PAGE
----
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Wildfowl decoys-once just tools of the trade for baymen and market gunners-have become costly icons of Americana and seemingly beyond the reach of the average collector. Note the word “seemingly.” To the dedicated reader I will show the way into this game…presently.

In understanding the phenomenon that turned these tools into treasures, we must look to the past. Wildfowl decoys truly are an American innovation, and their use to lure prey to their demise dates from our earliest history. Decoys made from reeds and adorned with feathers have been discovered among Indian artifacts in the Southwest. In the 1600s, the French explorer Samuel de Champlain observed native tribesmen using decoys along the shores of the lake that now bears his name and now forms a considerable part of the boundary between New York and Vermont.

The early European settlers learned quickly from the Native Americans, and by the 1800s they were carving the prototypes of decoys that are so eagerly sought after today. Although no one realized it at the time, a unique American art form had been created.

From the 1880s until the onset of World War II, hundreds of thousands of hand-crafted and factory decoys were turned out-most selling for $1 to $5 apiece. Few people had the foresight to think of them as anything more than workaday accessories to the hunt-and cumbersome to boot.

Not until 1934 and the publication of Joel Barber’s innovative book, Water Fowl Decoys, did these tools of a bygone trade receive even passing notice. Even then, Barber and his book were far ahead of their time, and the man who would posthumously be anointed as “The Father of the Decoy” and his beloved “floating sculptures” continued to be ignored by all but a few far-sighted collectors.

It wasn’t until the 1960s that things changed, but when they did, the change came fast and was spectacular. The catalyst was when modern plastic decoys-cheap, light and accurate in the extreme-became the rage and effectively put an end to commercial carving and painting of decoys. At the same time, recognition was finally afforded to some of the fine old decoys and their carvers. New books and a newsletter published by Hal Sorenson extolled the carving craft and helped establish a collectors’ market. In 1968, the first decoy auction was held and history was written when a black-duck decoy by Elmer Crowell sold for $900. That was the unmistakable writing on the wall: Decoys are collectible.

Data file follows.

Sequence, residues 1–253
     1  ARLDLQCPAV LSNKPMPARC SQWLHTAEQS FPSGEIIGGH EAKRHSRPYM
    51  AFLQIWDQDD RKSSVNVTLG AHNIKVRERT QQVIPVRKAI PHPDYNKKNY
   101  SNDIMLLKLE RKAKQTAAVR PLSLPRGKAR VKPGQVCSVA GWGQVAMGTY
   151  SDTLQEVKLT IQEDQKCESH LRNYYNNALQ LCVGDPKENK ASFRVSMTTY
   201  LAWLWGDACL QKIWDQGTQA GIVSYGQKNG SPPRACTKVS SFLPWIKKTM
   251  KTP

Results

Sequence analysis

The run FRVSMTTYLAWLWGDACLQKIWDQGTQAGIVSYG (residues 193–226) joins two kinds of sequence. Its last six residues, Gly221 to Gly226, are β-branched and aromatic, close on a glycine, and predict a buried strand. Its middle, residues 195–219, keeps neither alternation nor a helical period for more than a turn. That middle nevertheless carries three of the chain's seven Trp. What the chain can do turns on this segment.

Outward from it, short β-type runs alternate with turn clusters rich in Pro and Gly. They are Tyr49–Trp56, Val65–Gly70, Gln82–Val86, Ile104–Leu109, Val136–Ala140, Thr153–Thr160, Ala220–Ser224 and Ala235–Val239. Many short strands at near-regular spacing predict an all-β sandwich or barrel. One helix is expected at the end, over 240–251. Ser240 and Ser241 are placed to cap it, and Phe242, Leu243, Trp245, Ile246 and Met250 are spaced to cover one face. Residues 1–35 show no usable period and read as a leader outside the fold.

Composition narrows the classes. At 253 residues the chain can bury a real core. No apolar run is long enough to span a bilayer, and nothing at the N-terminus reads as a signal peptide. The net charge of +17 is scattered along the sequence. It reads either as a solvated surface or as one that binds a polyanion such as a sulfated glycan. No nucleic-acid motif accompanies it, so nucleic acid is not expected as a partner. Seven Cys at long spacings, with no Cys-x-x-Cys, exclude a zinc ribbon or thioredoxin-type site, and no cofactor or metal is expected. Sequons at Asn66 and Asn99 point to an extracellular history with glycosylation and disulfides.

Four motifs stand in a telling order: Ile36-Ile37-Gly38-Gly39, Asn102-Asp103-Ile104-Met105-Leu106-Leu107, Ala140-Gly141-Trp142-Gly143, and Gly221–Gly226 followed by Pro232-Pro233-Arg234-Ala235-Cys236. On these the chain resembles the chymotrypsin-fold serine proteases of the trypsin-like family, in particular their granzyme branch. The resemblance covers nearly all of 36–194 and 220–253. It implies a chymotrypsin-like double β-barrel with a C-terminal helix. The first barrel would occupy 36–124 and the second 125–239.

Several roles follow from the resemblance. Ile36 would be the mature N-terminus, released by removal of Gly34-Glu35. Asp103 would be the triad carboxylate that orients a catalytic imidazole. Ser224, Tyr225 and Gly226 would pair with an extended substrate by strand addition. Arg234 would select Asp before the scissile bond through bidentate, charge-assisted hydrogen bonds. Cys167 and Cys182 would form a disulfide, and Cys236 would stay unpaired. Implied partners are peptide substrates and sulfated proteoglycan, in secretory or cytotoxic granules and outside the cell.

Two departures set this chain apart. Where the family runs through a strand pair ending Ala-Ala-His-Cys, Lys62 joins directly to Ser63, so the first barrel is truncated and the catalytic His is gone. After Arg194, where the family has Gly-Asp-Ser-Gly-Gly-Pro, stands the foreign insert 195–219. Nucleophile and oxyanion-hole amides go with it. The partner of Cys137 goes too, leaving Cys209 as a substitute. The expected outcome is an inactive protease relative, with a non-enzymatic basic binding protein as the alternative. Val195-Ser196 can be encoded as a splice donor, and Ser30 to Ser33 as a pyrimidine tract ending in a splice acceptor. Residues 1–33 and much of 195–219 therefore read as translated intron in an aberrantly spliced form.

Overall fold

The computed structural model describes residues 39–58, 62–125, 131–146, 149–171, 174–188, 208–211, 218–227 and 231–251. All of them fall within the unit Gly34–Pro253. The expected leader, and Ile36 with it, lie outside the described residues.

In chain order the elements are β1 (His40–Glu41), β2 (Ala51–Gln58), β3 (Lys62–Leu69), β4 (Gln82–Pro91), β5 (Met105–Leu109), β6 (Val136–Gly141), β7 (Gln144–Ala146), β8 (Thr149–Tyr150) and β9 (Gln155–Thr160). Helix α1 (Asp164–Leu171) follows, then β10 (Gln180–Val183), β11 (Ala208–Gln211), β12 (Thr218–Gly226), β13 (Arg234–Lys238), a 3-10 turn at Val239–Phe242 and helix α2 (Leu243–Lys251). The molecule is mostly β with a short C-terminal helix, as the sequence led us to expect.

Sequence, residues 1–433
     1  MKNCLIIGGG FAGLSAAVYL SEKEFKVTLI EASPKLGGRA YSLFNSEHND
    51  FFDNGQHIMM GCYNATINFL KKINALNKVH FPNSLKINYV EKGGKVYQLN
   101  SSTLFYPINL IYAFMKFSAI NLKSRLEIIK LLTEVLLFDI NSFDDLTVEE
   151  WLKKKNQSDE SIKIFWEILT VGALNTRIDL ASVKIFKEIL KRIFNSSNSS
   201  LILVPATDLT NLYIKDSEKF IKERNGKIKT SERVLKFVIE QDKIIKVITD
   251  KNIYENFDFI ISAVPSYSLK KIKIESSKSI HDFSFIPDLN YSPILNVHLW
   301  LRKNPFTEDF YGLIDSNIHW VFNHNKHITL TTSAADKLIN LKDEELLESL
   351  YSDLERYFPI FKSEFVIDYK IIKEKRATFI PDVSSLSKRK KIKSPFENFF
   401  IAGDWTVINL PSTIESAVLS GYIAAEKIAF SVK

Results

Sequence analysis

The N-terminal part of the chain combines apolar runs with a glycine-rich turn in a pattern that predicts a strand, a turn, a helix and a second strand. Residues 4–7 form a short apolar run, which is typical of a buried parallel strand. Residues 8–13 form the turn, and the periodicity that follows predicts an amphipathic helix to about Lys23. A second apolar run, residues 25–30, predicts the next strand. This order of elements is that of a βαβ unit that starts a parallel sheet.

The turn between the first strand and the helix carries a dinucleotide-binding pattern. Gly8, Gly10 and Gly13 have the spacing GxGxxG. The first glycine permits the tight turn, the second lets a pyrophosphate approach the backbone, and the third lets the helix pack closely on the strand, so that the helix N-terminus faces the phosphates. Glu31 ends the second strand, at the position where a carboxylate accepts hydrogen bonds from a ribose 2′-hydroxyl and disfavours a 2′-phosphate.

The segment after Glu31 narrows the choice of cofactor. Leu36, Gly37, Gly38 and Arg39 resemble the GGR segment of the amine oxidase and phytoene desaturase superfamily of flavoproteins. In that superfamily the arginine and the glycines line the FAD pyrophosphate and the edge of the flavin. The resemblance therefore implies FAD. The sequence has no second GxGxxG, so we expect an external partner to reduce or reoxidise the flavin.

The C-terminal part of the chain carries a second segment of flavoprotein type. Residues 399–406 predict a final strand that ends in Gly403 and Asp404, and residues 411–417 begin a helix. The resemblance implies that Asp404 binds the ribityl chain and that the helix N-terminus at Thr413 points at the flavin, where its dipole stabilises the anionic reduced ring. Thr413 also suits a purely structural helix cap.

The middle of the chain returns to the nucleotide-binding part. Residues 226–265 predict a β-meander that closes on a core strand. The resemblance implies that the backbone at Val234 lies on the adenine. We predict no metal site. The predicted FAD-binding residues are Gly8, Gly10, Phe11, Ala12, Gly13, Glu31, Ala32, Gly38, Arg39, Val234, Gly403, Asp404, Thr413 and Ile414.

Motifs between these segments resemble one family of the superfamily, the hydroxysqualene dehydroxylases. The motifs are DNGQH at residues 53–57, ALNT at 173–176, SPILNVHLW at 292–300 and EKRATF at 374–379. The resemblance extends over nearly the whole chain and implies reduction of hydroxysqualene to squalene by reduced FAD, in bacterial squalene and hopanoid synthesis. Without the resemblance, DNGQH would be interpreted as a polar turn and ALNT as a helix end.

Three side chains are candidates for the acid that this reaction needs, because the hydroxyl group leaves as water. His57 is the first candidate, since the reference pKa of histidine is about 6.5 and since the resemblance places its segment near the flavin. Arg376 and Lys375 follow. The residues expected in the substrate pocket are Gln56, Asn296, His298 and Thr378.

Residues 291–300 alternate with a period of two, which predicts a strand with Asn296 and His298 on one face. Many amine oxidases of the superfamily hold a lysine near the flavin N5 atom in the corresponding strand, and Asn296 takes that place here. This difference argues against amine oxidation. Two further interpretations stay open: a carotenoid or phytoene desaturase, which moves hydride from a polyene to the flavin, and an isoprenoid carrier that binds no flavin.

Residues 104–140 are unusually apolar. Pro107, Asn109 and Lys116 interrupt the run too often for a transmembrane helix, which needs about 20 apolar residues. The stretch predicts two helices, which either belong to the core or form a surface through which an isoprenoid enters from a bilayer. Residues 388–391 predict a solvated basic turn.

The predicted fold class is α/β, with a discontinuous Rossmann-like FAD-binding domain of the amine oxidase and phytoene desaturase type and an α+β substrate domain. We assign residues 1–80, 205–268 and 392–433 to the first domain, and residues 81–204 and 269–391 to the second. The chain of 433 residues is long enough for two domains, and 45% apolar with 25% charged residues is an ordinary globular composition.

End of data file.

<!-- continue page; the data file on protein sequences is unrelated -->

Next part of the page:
Did I say change came fast? By the early 1970s, a single decoy sold for $10,000, leading bullish collectors to predict that it was only a matter of time before a decoy topped $100,000. Such prophecies proved correct when, in the early 1980s, a wood-duck decoy sold for $200,000 only to be followed just weeks later by the $300,000 sale of a pintail made by Crowell.

These all but outlandish prices were far from the norm for decoys that came under the hammer, but they made news-not just among collectors, but of the “film at eleven” type. All of which had the unexpected effect of depressing the decoy market, as many people decided that decent decoys were untouchable collectibles, reserved only for the few truly wealthy aficionados or daring speculators. That perception persists, but it is inaccurate. Don’t duck decoys just because you think they are beyond your reach. For the most part they are not.

At a recent decoy auction on Cape Cod, nice examples of the decoy art sold for from well under $100 to the sale’s high of $15,500 paid for an old squaw decoy that was formerly in the collection of Dr. George Ross Starr and had been featured in his book Decoys of the Atlantic Flyway. In point of fact, the auction offered something for all wallets, and a knowledgeable collector could have picked up some good to excellent buys in the $100 to $250 range.

[pagebreak] PSST! Here’s a Hot Tip
Now for that entry poiint that I tantalizingly referred to earlier. As of right now, I would take a long, hard look at the multitude of pre-plastic factory decoys as today’s best bets.

Currently, the most popular factory decoys are those made by Maxon, of Detroit. Particularly fine examples can bring five-figure sums. Stevens decoys made in Weedsport, N.Y., in the 1800s also fetch big bucks, but factory decoys by manufacturers such as Herter, Wildfowler and North American Decoy Company (which was started by my father and myself) can be found in good condition for $100 to $500.

Metal decoys such as the stamped-tin versions made by Stratier and Sohier of Boston bring $100 to $300 in good condition, and stuffed canvas decoys by Scott of California and Armstrong of Texas command $150 to $250 in excellent condition.

If you’re still in the mood for a flyer, it’s back to the crystal ball, where I see papier-mâchÃ-yes, papier-mâchÃ-decoys. These fragile-composition dekes, once scorned by collectors, have become some of today’s hottest sporting collectibles, and my crystal ball predicts that they will continue upward in price and popularity. Made from the late 1930s through the early 1950s, papier-mâchá decoys are this writer’s best bet for frugal collectors with an eye to the future.

_Ralf Coykendall Jr. is the author of the book Coykendall’s Complete Guide to Sporting Collectibles ($22.95; Wallace-Homestead Book Co., Radnor, PA).